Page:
Letters From the Dead: A New Business Idea
By Steve Gillman
This page presents a simple money making idea, which I call
"letters from the dead." A business based on this would
mail out letter cards and more for people--after they have died.
As far as I know there is no existing business doing this, so
any mention of profit potential is purely hypothetical. I don't
even have any additional resources at the end of the page for
Scenario: Every year you send that birthday card to your grandson,
but what about after you are gone? He will miss you thoughtful
and kind words, but only if the cards stop coming. What if you
could send a letter to a friend or family member years after
you have passed on? You can, with Letters From the Dead...
Okay, you'll have to work on that sales pitch, and the name
may not be the best for the business, but you are probably getting
the idea. In your marketing you'll want to get people excited
by the "immortality" aspect. They can have letters,
cards, video and more delivered to family and friends many years
after they pass on. Your customer might be able to offer advice
to a child at different stages of her life, or encourage a friend
from time to time--even ten years after dying.
Your customer supplies the letters, cards, recordings or videos--or
you might help with these for an additional fee. Letters would
have to be within the weight allowed for a single first class
stamp, or charged extra. Cards and letters would be tagged somehow
to indicate when it will be sent, which might be a set number
of days after death, or on a recurring date, like one letter
each birthday or on the anniversary of the death.
How Much Can You Make?
You would probably want to offer various packages. A standard
one might be 100 letters mailed out for $250. Naturally your
pricing has to allow for possible postage rate increases. You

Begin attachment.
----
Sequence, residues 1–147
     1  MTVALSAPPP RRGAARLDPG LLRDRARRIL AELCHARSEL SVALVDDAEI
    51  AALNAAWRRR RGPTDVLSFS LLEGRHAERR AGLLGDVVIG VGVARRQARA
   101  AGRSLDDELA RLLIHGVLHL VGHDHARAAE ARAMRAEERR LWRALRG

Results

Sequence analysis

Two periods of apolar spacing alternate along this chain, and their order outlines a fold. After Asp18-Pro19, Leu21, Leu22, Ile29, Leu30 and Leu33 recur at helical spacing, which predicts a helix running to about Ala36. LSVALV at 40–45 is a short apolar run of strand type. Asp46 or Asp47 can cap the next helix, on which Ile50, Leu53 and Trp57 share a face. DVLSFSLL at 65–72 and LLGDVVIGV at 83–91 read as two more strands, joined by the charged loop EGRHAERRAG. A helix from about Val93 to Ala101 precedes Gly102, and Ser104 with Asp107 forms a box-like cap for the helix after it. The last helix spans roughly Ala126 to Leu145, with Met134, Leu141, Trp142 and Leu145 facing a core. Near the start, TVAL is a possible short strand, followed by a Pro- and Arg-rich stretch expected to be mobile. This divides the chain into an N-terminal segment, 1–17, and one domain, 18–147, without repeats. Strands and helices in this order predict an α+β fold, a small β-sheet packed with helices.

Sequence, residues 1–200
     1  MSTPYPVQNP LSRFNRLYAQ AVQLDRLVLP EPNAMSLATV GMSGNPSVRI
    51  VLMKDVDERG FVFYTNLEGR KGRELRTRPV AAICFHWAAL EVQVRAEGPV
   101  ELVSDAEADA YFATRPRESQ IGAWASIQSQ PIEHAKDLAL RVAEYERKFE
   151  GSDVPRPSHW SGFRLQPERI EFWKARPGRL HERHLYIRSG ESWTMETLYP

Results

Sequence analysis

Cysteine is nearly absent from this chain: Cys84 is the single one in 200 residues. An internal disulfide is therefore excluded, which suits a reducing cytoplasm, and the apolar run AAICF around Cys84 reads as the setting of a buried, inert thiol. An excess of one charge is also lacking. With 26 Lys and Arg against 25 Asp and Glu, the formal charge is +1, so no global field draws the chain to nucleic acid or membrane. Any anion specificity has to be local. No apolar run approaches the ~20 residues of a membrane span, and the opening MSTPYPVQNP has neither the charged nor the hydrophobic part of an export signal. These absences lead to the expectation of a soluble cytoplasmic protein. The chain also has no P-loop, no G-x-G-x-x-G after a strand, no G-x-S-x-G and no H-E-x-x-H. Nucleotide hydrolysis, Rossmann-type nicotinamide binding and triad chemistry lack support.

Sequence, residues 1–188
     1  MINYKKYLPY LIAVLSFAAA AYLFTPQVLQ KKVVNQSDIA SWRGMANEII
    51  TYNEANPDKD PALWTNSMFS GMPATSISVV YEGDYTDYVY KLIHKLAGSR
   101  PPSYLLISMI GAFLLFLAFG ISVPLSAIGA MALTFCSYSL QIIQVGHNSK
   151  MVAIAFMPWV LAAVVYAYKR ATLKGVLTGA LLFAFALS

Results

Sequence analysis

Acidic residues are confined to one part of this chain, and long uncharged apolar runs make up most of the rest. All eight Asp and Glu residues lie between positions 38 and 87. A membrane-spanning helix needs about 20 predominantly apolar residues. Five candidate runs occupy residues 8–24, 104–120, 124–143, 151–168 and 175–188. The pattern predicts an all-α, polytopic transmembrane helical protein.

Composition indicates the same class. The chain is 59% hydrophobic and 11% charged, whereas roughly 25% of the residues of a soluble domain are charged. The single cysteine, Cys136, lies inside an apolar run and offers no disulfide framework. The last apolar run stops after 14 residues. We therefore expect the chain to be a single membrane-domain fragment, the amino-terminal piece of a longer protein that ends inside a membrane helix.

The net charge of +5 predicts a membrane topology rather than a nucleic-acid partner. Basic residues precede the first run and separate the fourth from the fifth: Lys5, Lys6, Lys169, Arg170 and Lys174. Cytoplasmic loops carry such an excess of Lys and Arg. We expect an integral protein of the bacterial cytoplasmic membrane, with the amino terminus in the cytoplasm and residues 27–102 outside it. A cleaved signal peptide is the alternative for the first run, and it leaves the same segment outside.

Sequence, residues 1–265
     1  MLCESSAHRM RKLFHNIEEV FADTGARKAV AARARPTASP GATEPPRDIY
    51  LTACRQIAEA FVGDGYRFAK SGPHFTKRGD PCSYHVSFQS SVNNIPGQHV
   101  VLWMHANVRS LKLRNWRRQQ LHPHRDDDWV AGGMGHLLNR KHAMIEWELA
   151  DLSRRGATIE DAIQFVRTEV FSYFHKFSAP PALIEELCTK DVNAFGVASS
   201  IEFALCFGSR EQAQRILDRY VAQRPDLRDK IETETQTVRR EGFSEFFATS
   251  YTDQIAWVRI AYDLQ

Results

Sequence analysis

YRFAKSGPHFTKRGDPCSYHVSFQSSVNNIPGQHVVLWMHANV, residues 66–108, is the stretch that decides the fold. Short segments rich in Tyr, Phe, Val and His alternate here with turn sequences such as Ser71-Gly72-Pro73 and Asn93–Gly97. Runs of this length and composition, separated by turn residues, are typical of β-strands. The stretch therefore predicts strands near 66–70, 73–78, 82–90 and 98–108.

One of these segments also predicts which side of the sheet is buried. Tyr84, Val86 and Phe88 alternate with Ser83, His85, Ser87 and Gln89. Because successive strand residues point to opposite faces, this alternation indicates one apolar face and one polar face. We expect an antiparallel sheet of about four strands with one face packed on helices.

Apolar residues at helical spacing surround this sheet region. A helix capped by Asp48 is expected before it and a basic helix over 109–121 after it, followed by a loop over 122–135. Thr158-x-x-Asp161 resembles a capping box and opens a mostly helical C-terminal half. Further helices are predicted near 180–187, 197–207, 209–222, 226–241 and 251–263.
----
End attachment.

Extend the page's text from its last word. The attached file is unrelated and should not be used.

have no way to know when a customer will die and a first class
stamp may cost three times as much when it happens. Limiting
the mailings to up to ten years after death, with a renewal charge
after that could reduce this risk, or you might charge according
to how far out the mailings are planned, with a substantial premium
for those which are planned for five years or more past the date
If your company eventually sold 10 "standard plans"
daily, five days per week, at $250 each, the gross annual revenue
of $650,000 should cover overhead and postage and leave a couple
hundred thousand in profits.
Ways to Make More | Related Opportunities
You might sell letters, cards and other supplies for additional
revenue. Delivery of small packages or even flowers are possibilities
as well. (Advertising: "Flowers From The Dead: send your
love from the grave.") "Emails from the grave"
could be largely automated and with a very low cost, but you
can't guarantee deliverability of course, due to changing their
email addresses and spam filters.
There is one major problem to be solved here (okay, perhaps
a few). How do you efficiently track clients so you know when
they die. You might send an email that they have to respond to
twice per year. Regular and systematic Google searches of client
names could pull up online obituaries. It is important to have
a system that can be mostly automated to keep the costs down.
You might be holding those letters and keeping track of a client
for forty years or more.
Qualifications / Requirements
It will help if you have the ability to use the shock and
humor value for free publicity while still maintaining the seriousness
of the business and sensitivity in dealing with dying people
(they will be some of your customers).
Ask around and see if anyone would pay for this, or what parts
of the service they would pay for (videos might be the most popular).